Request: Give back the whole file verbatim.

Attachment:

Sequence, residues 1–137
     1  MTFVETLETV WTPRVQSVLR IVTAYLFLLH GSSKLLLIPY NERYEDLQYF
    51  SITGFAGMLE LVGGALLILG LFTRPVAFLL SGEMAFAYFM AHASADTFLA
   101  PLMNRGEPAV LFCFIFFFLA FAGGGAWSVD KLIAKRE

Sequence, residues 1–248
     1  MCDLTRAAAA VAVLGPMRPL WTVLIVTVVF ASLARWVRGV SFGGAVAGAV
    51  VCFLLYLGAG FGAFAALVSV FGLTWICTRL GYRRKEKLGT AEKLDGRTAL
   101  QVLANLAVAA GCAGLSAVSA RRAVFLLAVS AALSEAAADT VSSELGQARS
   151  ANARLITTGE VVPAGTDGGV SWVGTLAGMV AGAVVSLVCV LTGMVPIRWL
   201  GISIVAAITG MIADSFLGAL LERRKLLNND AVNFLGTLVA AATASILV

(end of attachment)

Sequence, residues 1–137
     1  MTFVETLETV WTPRVQSVLR IVTAYLFLLH GSSKLLLIPY NERYEDLQYF
    51  SITGFAGMLE LVGGALLILG LFTRPVAFLL SGEMAFAYFM AHASADTFLA
   101  PLMNRGEPAV LFCFIFFFLA FAGGGAWSVD KLIAKRE

Sequence, residues 1–248
     1  MCDLTRAAAA VAVLGPMRPL WTVLIVTVVF ASLARWVRGV SFGGAVAGAV
    51  VCFLLYLGAG FGAFAALVSV FGLTWICTRL GYRRKEKLGT AEKLDGRTAL
   101  QVLANLAVAA GCAGLSAVSA RRAVFLLAVS AALSEAAADT VSSELGQARS
   151  ANARLITTGE VVPAGTDGGV SWVGTLAGMV AGAVVSLVCV LTGMVPIRWL
   201  GISIVAAITG MIADSFLGAL LERRKLLNND AVNFLGTLVA AATASILV